Unvaccinated Mother Suffered Stillbirth Due to COVID, Urges Pregnant Women to Get Vaccine

An unvaccinated Georgia woman is urging pregnant women to get their vaccines after she suffered a stillbirth due to COVID-19 complications.

Kyndal Nipper was 36 weeks pregnant when both she and her husband tested positive for COVID-19.

Although she only suffered a minor illness, recovering from a low-grade fever and allergy-like symptoms at home, she noticed her unborn baby was moving less than usual in the days after her COVID symptoms first appeared.

"I just felt deep that something was wrong," Nipper told WRBL. "So I went up to Piedmont [Columbus Regional], went straight to labor and delivery, and that's where we found out that, unfortunately, our baby boy was no longer with us."

Piedmont OBGYN Timothy Villegas said testing has shown that when pregnant women contract COVID-19, the virus can infect the placenta and destroy placenta tissue and cause inflammation. These complications in turn cause stillbirths.

"Higher rates of hospitalizations, higher rates of maternal death and even stillbirths, which you know we've seen three cases of that in Columbus in the last month," Villegas told the local outlet. "And this is something we have not seen previously, so we're starting to get really worried about this and get the word out."

Nipper, who was unvaccinated, said she was waiting until after giving birth to get the vaccine because she didn't know enough about it.

"The vaccine was so new we decided to wait until after we had our son to get it," she said. "We didn't really know much about it, but we just figured we would just wait until after he was born to get it."

She says she regrets not getting the vaccine before getting infected and is now urging pregnant women to get vaccinated to avoid the tragic loss she suffered.

"What's important for me is that no other mother has to go through this pain," Nipper said. "We would do anything to keep our children safe, even our unborn children, and if I could just help one mom reassure herself that she is doing everything she can to protect her and protect her baby, then this is worth it."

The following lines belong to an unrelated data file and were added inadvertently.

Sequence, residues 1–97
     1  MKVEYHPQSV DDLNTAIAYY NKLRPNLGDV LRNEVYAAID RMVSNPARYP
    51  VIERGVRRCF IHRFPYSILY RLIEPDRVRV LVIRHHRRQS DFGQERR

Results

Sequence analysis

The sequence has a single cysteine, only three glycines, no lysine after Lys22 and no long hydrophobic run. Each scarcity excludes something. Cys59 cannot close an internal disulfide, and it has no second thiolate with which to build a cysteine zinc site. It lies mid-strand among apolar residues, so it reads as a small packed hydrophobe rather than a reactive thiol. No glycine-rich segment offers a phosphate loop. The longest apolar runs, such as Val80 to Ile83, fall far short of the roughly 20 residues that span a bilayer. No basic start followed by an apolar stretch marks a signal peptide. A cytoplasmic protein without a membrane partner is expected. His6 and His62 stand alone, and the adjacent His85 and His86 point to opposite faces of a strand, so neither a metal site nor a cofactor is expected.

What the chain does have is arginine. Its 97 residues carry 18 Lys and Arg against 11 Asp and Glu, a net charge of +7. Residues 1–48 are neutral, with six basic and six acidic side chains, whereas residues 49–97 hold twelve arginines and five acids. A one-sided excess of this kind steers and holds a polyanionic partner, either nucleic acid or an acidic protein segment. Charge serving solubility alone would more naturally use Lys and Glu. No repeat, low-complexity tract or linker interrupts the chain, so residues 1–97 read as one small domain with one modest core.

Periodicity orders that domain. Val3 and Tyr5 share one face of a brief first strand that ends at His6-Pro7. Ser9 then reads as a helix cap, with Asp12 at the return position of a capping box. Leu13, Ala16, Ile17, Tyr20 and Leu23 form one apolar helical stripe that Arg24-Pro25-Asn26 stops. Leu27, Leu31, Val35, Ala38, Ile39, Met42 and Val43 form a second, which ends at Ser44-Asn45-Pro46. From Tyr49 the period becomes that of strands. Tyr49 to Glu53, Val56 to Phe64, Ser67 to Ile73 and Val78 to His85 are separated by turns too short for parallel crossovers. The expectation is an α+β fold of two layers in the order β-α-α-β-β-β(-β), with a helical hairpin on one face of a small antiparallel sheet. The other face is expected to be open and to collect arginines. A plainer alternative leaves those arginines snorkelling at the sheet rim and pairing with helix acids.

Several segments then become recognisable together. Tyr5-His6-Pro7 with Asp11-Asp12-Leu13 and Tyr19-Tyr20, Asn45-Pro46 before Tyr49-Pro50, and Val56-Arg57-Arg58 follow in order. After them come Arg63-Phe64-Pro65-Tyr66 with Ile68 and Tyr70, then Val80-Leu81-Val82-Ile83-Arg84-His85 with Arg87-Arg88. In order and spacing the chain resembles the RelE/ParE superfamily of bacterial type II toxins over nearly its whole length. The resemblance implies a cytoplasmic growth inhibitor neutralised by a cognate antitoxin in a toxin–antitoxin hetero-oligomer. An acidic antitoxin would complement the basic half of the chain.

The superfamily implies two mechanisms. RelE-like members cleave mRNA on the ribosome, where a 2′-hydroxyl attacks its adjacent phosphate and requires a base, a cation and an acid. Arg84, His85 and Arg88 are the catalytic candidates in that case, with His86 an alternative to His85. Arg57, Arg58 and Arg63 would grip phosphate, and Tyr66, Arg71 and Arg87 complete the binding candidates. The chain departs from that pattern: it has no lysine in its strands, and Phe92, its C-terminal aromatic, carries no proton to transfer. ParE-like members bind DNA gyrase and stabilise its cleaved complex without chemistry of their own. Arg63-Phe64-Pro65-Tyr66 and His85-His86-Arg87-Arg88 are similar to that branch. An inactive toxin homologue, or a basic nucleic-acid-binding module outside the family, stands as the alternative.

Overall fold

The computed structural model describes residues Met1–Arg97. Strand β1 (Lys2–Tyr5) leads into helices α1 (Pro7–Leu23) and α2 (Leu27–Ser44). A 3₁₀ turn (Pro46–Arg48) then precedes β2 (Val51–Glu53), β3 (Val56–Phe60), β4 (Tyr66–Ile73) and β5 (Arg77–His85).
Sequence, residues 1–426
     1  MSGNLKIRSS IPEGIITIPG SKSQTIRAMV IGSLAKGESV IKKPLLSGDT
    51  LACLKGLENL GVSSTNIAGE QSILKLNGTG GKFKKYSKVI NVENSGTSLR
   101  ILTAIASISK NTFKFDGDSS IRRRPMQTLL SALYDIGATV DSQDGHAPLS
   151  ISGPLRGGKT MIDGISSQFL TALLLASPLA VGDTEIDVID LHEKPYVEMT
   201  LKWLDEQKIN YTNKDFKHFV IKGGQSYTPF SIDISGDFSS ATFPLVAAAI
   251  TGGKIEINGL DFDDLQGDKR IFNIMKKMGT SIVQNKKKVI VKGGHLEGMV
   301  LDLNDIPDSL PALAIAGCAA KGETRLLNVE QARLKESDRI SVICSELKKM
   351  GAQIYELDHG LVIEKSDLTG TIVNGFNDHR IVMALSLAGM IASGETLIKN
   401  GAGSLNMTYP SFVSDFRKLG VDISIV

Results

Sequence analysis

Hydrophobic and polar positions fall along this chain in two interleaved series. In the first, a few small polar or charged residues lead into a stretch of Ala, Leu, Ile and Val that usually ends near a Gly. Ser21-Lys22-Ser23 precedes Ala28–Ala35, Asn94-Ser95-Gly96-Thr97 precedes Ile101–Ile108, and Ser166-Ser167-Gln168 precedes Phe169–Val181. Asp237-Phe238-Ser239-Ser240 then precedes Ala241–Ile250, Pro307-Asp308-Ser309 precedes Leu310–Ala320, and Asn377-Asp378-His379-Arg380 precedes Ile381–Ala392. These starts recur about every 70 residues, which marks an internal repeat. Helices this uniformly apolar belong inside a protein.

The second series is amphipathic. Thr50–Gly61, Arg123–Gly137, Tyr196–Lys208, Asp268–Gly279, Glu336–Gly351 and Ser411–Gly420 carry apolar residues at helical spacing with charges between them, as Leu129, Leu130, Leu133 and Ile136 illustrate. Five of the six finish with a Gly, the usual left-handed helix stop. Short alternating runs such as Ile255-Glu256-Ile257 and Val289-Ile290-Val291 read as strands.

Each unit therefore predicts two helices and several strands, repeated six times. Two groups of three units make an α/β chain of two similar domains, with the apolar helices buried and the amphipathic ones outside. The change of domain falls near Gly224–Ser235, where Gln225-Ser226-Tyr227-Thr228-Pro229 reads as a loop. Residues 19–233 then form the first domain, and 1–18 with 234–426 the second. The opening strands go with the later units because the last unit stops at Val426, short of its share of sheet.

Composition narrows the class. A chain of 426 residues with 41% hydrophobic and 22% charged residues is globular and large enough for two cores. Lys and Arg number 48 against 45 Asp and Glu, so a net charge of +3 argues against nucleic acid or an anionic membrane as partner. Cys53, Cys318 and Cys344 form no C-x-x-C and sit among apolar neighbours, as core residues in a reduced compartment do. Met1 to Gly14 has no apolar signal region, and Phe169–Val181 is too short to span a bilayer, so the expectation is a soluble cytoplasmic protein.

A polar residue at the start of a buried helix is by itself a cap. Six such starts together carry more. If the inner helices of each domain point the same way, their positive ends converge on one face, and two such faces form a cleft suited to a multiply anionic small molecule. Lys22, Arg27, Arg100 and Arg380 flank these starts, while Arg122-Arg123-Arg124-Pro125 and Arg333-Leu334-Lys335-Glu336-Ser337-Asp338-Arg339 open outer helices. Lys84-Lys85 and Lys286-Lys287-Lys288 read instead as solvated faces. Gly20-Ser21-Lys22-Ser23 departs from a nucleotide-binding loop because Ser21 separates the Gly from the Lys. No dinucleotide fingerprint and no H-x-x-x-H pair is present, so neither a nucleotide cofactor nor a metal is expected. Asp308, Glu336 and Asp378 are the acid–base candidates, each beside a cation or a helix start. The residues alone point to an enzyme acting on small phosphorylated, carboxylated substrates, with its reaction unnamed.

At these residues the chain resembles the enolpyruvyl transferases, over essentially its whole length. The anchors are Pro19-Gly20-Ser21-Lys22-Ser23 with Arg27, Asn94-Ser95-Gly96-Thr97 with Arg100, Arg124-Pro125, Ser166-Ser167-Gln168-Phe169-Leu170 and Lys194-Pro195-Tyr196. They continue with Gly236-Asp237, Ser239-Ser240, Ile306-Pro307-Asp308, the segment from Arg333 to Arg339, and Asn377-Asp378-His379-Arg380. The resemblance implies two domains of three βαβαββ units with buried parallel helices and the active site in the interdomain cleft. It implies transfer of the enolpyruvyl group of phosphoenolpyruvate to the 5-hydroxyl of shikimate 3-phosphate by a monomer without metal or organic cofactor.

Pregnant Women Vaccines Unvaccinated Stillbirth COVID
Kyndal Nipper is urging other expecting mothers to get their vaccines after complications from the virus caused her to suffer a stillbirth. A pregnant woman receives her first dose of the Pfizer Vaccine at Central Westgate Mall on August 30, in Bangkok Lauren DeCicca/Stringer

Health officials have continued to urge pregnant women to get vaccinated amid the rapid spread of the Delta variant.

Hospital doctors in Louisiana have noted that the now-dominant variant is causing a rise in COVID hospitalizations among pregnant women who don't have other medial problems—a demographic which hadn't seen high rates of admission in the other waves of the pandemic.

"This is really becoming, as we've said before, a disease of the unvaccinated, and it's affecting the pregnant women, her fetus, her newborn, her family at home,"Dr. Jane Martin, a maternal fetal medicine fellow at the Ochsner Baptist hospital in New Orleans, said last month. "It's coming on a lot stronger than other surges have in the pregnant population."

The Centers for Disease Control Prevention has recommended that pregnant people get vaccinated to protect both themselves and their babies and has published data proving the safety of the COVID-19 vaccines for this group.

"CDC encourages all pregnant people or people who are thinking about becoming pregnant and those breastfeeding to get vaccinated to protect themselves from COVID-19," CDC Director Dr. Rochelle Walensky said in an August 11 press release.

Martin previously told Newsweek that she's had to treat many infected pregnant patients with supplemental oxygen, intubation and mechanical ventilation.

"People need to hear it loud that the COVID vaccine does not increase your risk of infertility. It does not increase your risk of miscarriage or any bad pregnancy outcomes," she said.

Update 09/13/21 10:15 a.m. ET This story was first reported by WRBL. An earlier version of this story attributed Nipper's quotes to WJBF.